This case brings to light some important clinical issues. First, atypical clinical symptoms and imaging findings could make SIH diagnosis difficult, especially with brain parenchymal lesions. In the present case, it was difficult to suspect low CSF pressure during admission, because the patient presented atypical clinical (the onset was not an orthostatic headache but a seizure attack) and imaging findings (subdural hematoma or effusion was not clear, dura thickening was not obvious, pituitary swelling was not observed), and the parenchymal lesion was observed.

It should be noted that SIH should be considered even when orthostatic headache is absent or unknown. Moreover, seizures are quite common as the first symptom of CVT onset. According to past literature in which 42 case reports were reviewed,[14] 31 patients (73.8%) developed orthostatic headache, but 11 patients (26.2%) developed headache without orthostatic change. Furthermore, 12 patients (28.6%) had a seizure attack, as seen in our case. About one-third of CVT patients have reported experiencing seizures before they are diagnosed with CVT, though it was not limited to CVT due to SIH.[2,3]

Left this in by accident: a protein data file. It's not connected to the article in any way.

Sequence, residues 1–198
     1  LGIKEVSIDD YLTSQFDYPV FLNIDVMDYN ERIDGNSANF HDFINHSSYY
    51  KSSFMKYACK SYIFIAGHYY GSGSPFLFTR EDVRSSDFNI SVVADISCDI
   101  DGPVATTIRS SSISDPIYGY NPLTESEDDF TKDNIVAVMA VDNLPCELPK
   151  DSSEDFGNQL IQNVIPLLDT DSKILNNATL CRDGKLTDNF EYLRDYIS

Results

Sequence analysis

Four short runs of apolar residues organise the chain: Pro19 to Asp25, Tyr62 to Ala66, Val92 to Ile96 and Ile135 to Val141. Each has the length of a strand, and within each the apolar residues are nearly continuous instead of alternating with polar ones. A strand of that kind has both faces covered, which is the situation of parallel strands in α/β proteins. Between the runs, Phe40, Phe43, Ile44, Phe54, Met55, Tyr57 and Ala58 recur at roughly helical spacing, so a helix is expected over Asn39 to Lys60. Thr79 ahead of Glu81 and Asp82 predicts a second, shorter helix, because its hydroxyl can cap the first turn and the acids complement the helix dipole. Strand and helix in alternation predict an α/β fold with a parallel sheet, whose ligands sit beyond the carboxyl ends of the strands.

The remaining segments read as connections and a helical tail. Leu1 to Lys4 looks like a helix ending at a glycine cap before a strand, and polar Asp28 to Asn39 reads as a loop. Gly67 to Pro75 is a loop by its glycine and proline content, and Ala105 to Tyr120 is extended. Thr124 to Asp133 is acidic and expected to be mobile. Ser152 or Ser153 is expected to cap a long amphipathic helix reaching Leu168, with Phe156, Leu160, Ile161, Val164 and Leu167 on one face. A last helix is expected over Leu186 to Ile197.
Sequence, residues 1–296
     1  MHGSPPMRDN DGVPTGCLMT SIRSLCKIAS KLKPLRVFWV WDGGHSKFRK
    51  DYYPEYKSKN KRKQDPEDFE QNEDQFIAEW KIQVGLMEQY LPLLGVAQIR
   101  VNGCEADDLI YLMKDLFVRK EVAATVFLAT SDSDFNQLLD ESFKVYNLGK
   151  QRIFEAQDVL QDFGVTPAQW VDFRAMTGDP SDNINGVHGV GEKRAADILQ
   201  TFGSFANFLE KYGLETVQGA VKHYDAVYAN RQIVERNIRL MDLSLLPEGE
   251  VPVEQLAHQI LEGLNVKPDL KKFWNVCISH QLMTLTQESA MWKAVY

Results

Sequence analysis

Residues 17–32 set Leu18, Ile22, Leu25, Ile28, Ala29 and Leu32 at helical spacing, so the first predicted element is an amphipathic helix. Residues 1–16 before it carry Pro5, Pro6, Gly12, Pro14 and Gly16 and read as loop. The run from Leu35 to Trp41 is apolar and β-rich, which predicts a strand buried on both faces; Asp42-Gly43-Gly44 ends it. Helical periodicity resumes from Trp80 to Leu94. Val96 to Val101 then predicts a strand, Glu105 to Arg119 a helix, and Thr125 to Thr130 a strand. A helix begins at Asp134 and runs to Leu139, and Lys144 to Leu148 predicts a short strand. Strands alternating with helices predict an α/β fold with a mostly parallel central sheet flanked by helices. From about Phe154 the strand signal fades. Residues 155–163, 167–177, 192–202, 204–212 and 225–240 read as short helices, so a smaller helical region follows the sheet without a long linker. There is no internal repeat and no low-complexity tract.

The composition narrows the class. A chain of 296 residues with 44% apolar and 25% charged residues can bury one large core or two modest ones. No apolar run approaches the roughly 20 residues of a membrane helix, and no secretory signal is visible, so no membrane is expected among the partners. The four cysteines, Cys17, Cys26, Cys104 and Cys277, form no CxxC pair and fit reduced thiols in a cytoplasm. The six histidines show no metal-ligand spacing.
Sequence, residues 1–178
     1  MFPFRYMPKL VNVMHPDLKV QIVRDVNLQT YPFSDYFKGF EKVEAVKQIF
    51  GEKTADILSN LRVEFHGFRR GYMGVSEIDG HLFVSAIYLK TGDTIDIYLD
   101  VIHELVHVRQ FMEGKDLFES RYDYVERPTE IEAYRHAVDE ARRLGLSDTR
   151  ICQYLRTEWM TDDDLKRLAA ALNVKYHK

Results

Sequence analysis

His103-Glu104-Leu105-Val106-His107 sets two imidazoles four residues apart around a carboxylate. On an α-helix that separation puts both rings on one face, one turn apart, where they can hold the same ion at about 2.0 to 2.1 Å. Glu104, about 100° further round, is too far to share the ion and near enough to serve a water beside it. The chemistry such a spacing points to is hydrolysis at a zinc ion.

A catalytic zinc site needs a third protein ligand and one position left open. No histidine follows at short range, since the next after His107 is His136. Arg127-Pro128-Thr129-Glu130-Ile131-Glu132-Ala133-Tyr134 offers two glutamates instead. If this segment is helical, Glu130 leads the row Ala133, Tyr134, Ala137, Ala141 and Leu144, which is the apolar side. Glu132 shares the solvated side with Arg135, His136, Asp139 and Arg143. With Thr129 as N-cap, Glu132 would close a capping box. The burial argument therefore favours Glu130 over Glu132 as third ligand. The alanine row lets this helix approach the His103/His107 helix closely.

Although it is known that SIH can lead to CVT, CVT is uncommon, and there are only few cases of concurrent cerebral parenchymal lesions. This is because anastomosis develops in the cerebral vein, and the anastomosis portion acts as collateral blood circulation when venous return is impaired. To the best of our knowledge, there have been only nine cases of secondary cerebral parenchymal lesions [Table 1].[4,5,7-13]

Table 1:: Clinical features of 10 patients who developed parenchymal complications with cerebral venous thrombosis due to spontaneous intracranial hypotension.